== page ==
We've all experienced a curry too spicy for our tastebuds. Maybe you ordered the vindaloo thinking you could handle the heat, or you've slaved away in the kitchen and accidentally added too much chilli powder, and sit down to enjoy the curry, only to realise you've made actual fire instead.
Whatever the reason, a too-hot curry feels like a massive food fail.
Fortunately, there are easy ways to cool down a spicy curry. You just need a few tricks and everyday ingredients up your sleeve.
"There is always a way to salvage [a hot curry]," co-owner and executive chef of Wild Sage, Chef Rasel, told HuffPost Australia.
How to cool down a curry
1. Add dairy
Dairy such as yoghurt and cream can help balance spiciness and impart a cooling effect on a curry.
"I would recommend adding yoghurt to your dish. For example, tzatziki or Greek yoghurt," executive chef Mark Axisa at Catalina Rose Bay said.
2. Add coconut milk
As with dairy products, rich coconut milk can also decrease the heat in a curry, head chef at Cumulus Up Colin Mainds explained.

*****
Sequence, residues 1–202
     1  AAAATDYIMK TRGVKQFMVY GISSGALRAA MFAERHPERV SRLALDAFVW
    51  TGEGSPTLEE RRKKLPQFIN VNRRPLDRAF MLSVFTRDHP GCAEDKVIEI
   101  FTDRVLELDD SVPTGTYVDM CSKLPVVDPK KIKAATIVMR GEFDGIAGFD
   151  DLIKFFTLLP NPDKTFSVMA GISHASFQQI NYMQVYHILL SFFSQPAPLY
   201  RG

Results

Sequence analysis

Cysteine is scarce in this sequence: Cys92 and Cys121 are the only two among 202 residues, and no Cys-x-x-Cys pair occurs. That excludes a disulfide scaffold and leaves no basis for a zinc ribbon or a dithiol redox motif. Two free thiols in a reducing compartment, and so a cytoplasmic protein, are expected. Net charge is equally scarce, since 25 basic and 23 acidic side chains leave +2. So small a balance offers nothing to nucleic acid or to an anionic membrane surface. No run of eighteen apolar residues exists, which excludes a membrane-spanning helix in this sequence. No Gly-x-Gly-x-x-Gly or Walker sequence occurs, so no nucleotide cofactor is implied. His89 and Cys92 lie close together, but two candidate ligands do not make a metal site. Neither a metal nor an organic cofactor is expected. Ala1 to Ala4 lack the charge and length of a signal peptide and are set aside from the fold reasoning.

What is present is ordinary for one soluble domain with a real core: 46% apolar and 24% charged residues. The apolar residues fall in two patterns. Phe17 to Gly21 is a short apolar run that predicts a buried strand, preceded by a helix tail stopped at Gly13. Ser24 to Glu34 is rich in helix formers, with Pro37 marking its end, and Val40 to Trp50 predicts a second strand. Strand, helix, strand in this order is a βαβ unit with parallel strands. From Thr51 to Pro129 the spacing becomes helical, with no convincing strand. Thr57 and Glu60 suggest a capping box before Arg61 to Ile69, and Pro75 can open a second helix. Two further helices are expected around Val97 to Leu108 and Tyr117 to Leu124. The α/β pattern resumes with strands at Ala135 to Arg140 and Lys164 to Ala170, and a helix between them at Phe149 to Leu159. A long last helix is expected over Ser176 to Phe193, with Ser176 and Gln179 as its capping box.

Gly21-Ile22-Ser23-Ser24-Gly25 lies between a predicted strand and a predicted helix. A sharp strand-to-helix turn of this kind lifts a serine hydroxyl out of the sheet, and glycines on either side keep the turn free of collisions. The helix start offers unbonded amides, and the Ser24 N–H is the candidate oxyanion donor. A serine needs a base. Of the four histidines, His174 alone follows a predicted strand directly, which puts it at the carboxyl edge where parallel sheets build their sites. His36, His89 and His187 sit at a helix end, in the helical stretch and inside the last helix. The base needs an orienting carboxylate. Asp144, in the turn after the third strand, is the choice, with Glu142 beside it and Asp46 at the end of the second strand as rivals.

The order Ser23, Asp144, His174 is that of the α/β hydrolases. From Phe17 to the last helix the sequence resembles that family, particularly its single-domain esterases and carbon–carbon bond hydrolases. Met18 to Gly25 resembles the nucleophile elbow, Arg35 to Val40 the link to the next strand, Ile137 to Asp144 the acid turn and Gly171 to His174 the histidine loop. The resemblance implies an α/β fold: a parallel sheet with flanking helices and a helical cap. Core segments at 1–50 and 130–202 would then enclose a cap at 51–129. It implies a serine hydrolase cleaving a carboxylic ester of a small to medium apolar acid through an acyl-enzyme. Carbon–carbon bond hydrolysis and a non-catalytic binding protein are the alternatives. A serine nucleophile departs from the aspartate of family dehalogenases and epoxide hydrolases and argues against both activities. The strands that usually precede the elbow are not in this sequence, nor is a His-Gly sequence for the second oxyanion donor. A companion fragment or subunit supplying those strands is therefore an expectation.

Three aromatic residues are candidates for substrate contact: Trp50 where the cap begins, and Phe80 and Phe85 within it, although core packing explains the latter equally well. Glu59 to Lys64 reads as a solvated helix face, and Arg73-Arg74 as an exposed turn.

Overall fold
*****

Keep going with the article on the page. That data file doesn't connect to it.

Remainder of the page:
"I like to use high-acid dairy products such as yogurt or a nicely seasoned coconut cream to add a dimension to the dish and still cool down the curry."
3. Add acidity
Axisa also recommends adding an acidic food or liquid to the spicy curry, such as citrus.
"Lime juice will be able to counteract the spiciness. It always does the trick," Axisa said.
4. Add sugar
Sugar can also help reduce spiciness -- however, be careful to not add too much sweetener and change the flavour of the dish.
"If there is a sweet element added to the dish, the spiciness level will decrease," Rasel said.
5. Add vegetables
Adding vegetables, particularly starchy vegetables like potatoes, can also help make a too-hot curry more mild.
"I find adding a yoghurt-based salsa to the dish and more vegetables seems to cool down a curry when it is too spicy," Rasel said.
6. Serve with cooling condiments
Perry Schagen, head chef at Supernormal, told HuffPost Australia to serve your hot curry with cooling condiments which contain the above elements, such as raita or cucumber.
"I like to serve cooling condiments with a hot curry -- large pieces of fresh cucumber, cooling and acidic fruits like green papaya, fresh herbs like mint, or a dairy like yoghurt," Schagen explained.
To avoid making an overly spicy curry in the first place, always remember that different types of chillis produce different levels of spiciness.
"Know your spices. When you're adding chilli or cayenne pepper, add them slowly to your dish and test it out as you go," Axisa said. "It is important to note that spices develop the longer they are being cooked for."